Kirk Nieuwenhuis Should Not Lose Playing Time For Anyone

An article by posted on May 23, 2012

There has been a lot of talk lately about the logjam in the outfield that will occur when Bay returns from his fractured rib. Ideas ranging from sending Ike down to creating a four man rotation in the outfield have been tossed around. Some ideas include Kirk platooning with either Torres or Bay, which should be completely out of the question. Kirk Nieuwenhuis has been one of the most consistent and productive players on this Mets and should not take a backseat to failed acquisitions at a desperate hope of them regaining some sort of production out of them.

Specifically this applies to both Jason Bay and Andres Torres. Both have come up as possible reasons why Kirk may lose playing time, and that is unacceptable. Nieuwenhuis has all five tools, can be batted anywhere in the lineup and quietly does this with success while Torres and Bay have failed to produce over their respective tenures with the Mets.

After starting off at a dreadful 3-19 skid in 2012, Jason Bay turned it on batting .290/.353/.613 in nine games before his unfortunate injury while diving for a ball in late April. Collins has already said that when he returns, Bay will have his job back as the everyday left fielder. If that is the case, which I can respect, it should not under any circumstances, cut into Kirk’s playing time.

Andres Torres can handle a glove better than anyone on the Amazin’s roster, there’s no debating that. When it comes to the bat however, Torres isn’t quite as adept. With a .187/.330/.267 clip in 2012, Torres is looking even worse than his unsightly 2011 campaign. Yet up until recently, he had been getting starts in center and the leadoff spot in the lineup in favor of the Mets 24-year old rookie phenom. Kirk has not only handled centerfield with success, but has also hit .302/.351/.415 in the leadoff role in 2012. There is no reason why a 34-year old stopgap should get ANY time in favor of Nieuwenhuis.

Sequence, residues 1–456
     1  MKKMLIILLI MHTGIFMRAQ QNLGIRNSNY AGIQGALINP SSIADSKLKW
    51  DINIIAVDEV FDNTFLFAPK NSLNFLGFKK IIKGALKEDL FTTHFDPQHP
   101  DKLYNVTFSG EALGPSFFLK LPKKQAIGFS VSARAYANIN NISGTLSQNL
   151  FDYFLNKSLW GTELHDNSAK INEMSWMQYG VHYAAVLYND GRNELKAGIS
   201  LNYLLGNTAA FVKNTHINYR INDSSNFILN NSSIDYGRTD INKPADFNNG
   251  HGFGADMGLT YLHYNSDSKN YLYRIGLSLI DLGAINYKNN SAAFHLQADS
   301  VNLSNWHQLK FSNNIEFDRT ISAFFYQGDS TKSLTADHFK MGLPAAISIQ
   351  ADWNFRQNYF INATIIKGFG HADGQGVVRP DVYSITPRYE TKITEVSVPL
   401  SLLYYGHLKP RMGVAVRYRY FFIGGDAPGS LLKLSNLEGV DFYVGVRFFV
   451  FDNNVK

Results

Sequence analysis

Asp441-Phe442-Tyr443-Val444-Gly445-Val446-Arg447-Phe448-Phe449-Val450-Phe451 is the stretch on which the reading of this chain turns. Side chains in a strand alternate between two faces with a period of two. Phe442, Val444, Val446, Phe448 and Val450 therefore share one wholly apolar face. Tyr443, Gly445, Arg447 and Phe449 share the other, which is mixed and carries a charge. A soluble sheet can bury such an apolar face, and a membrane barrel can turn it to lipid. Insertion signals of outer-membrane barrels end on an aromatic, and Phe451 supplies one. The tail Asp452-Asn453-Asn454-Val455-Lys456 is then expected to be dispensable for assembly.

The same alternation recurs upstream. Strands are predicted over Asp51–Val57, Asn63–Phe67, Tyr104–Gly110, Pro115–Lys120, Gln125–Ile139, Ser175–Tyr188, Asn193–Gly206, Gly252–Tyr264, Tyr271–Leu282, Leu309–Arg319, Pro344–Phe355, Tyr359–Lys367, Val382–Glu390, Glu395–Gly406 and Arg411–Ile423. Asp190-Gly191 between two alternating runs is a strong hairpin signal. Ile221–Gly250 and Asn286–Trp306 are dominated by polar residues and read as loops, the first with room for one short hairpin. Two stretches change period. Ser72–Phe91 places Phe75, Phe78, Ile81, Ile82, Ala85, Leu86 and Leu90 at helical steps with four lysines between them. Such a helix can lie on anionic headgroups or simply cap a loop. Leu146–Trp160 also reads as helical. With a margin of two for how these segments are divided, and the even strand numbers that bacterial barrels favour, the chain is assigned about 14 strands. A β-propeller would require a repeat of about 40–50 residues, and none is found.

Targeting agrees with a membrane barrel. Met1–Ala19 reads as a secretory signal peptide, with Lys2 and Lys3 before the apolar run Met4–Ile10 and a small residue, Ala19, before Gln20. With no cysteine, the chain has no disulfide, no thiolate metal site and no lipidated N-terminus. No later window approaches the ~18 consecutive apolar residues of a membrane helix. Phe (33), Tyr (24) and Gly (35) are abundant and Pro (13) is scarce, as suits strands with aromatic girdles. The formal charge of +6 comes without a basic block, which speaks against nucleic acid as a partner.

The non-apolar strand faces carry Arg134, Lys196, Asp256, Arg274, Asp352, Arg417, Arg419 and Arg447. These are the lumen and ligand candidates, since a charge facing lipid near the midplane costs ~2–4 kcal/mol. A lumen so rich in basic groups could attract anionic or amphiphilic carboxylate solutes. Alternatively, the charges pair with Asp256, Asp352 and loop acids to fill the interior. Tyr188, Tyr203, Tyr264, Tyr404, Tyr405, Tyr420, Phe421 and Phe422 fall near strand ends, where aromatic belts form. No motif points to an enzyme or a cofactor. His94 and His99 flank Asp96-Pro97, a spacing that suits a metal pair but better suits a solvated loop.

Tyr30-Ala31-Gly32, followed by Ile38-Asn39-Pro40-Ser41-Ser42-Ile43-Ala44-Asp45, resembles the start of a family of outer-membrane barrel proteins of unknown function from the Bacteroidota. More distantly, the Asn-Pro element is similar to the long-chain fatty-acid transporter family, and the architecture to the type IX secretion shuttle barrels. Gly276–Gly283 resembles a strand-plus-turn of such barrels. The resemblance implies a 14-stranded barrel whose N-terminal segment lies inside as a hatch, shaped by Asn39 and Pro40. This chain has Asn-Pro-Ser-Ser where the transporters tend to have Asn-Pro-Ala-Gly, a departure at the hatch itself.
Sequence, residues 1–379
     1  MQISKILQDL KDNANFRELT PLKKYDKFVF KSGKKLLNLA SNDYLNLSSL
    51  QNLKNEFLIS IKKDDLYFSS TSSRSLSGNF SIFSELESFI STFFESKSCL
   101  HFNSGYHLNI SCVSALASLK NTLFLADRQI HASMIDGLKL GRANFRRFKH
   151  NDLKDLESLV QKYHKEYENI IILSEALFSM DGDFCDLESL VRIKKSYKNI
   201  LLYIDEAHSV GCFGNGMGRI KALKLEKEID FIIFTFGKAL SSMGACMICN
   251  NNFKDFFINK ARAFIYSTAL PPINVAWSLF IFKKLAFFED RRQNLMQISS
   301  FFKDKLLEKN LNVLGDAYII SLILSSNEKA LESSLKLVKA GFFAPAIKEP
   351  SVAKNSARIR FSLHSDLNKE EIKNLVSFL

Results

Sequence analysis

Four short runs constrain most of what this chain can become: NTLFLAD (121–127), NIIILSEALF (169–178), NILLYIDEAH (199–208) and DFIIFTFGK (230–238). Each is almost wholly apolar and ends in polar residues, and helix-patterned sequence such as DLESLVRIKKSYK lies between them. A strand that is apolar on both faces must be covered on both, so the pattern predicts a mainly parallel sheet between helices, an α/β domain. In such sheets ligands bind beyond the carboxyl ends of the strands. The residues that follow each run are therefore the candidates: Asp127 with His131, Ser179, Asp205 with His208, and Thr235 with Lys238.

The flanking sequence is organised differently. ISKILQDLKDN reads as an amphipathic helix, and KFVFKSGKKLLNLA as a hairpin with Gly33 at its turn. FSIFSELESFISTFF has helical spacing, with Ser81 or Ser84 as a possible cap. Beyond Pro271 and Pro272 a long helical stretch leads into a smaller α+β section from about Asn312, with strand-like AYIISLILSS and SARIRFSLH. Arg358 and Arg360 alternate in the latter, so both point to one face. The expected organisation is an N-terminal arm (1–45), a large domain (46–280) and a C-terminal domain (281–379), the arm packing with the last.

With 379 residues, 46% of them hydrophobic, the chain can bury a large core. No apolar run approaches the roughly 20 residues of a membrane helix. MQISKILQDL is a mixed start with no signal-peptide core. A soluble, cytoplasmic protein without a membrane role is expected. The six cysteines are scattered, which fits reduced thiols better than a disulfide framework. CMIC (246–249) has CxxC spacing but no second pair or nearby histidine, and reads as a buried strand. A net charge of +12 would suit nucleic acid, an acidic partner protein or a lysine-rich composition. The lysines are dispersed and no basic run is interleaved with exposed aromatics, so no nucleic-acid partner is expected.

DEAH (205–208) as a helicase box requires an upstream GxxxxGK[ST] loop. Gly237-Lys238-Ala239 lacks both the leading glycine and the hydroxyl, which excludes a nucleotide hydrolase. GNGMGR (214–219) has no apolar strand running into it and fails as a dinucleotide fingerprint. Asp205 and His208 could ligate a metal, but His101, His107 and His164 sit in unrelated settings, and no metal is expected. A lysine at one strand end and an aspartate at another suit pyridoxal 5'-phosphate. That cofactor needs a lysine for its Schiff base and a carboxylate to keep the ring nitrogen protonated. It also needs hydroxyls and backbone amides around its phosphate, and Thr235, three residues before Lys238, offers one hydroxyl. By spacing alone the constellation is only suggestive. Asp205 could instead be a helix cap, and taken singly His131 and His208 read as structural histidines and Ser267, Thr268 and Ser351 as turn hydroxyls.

Coming off a devastating season-ending shoulder injury in Triple-A Buffalo in 2011 and an oblique strain in Spring Training, Kirk Nieuwenhuis has been a revelation in 2012. Between clutch hits, diving into walls, and a stolen base now and again, Captain Kirk has proved to be a core reason why the Mets stand at 23-20 today. He has proved time and again this year that he can play anywhere or bat anywhere and be more than successful as an everyday major leaguer.

He has a winning mentality and unless the Mets acquire Matt Kemp or something to that effect, Kirk should be patrolling the outfield everyday for the New York Mets and not some two-bit has been or never was.

About the Author ()

Clayton Collier, a senior editor for MMO, is a Journalism major with a minor in Broadcasting at Seton Hall University. He is also a staff member at 89.5 WSOU, Seton Hall's modern active rock radio station. Following him on Twitter: @Clayton_Collier or E-maili him at MaybeNextYearMets@yahoo.com

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